Trev Helps to Drive Family Farm Forward

For fifth generation Southland farmer and Trev Director, John White, the landscape of farming has seen a shift from land development to utilisation in the past 15-20 years. While previous generations have been able to push for productivity, to expand hectares farmed with higher levels of pasture production and growth, John’s family now face a greater drive for efficiency and profitability from the farming operation. 

Each generation farms differently because they’ve faced different challenges and methods of overcoming them, explains John.  “We’ve moved from a land improvement strategy to a focus on efficient farm systems. Previous generations faced economic challenges whereas this generation faces increased compliance and monitoring requirements.”

But bulk compliance calls for proof of actions across a series of farming agencies. Farmers now need to provide proof of actions and record keeping has moved to the forefront. Making sure you’re keeping accurate records saves time and helps to maintain compliance requirements; to help with this the Whites have chosen to use Trev on the farm to automate part of the process. Other technologies and major innovations in the industry have been adopted as they are developed, from the advent of rotational grazing and vacuum clusters in the milking shed, to herd testing, artificial insemination and soluble fertilisers. And as agritech has progressed, the Whites have maximised each innovation to hold efficiency, profitability and farm growth.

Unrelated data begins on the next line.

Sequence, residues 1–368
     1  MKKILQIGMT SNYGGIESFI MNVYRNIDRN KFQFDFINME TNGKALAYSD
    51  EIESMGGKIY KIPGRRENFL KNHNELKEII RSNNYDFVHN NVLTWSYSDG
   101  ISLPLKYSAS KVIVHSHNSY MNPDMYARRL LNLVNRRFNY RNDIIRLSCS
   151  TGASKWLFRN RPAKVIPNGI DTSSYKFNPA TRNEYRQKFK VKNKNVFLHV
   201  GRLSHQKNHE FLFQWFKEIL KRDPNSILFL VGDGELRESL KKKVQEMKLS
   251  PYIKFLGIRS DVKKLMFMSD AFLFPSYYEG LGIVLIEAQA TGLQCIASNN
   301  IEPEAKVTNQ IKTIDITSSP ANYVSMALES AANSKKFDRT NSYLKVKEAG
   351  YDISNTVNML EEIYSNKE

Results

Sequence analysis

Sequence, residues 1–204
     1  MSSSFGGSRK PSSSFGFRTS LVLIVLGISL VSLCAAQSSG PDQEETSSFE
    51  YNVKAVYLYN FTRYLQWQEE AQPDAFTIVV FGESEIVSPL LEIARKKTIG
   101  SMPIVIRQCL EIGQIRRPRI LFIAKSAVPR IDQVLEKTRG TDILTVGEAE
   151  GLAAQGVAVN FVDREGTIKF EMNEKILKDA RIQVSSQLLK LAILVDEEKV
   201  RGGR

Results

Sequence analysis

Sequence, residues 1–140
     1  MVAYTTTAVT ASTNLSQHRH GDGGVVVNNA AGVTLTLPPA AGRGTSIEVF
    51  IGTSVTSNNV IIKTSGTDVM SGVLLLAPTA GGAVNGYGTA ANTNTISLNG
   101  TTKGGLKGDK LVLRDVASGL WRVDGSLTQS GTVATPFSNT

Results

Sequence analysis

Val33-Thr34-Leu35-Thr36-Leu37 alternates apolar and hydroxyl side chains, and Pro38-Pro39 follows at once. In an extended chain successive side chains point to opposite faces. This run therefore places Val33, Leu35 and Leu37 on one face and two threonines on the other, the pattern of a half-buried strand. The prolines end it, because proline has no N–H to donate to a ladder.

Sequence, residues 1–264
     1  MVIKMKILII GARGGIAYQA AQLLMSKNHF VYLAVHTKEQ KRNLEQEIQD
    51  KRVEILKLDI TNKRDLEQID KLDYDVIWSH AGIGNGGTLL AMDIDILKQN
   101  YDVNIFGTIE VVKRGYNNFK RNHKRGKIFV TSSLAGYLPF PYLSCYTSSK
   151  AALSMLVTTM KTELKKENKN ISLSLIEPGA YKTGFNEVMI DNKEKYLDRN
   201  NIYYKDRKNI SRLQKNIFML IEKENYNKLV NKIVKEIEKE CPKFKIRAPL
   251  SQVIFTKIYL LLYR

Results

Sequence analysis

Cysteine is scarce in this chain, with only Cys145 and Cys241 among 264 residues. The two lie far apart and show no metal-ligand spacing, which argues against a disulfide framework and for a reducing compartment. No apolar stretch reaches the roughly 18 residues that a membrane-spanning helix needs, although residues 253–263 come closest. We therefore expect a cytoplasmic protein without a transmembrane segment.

As an intergenerational farming family, how do the Whites manage this?

“There’s a belief within the family that whoever is driving the farm is running it, so the ultimate decisions fall on the current generation,” reveals John. “We’ve found that the generation above wants to know about the tech or software and how it works, but they’re not driving the solution. They’re progressive in adopting the tech that newer generations put forward.”

Prime examples can be found in communication tools, he says. As a kid, his father would spend nights on the phone - but as the directing farmer and decision maker on the farm, John can now tap a few buttons on his computer or phone and send updates to his whole family, farm team, consultants and shareholders whenever he needs to. The older generations are in turn adopting the tech he’s chosen to implement on the farm.

“The way the dairy industry embraces technology is step-by-step, it transitions to the new technology over a period of time. Early adopters discover a technique that, if successful, comes into popular use,” he points out. “The previous generation has had to adopt cell phones, manage emails and navigate the online world; change has been rapid. And they’re still hungry for new technology such as Trev, whether it comes in the form of analysing data online themselves or receiving PDF files from farm managers. That’s something Trev does exceptionally well, it generates reports to third parties such as family members so they can just click and view.”

The benefit of implementing technologies that improve on-farm performance means that the family can work hard but are able to step away when they need to in order to prioritise new compliance regulations, their people, and the future of the farm business.

“Where we are now, we have potentially driven ourselves past optimisation, although that’s changing all the time. I see the drive now going forward to be profitability plus the environment. How that looks, I don’t know.”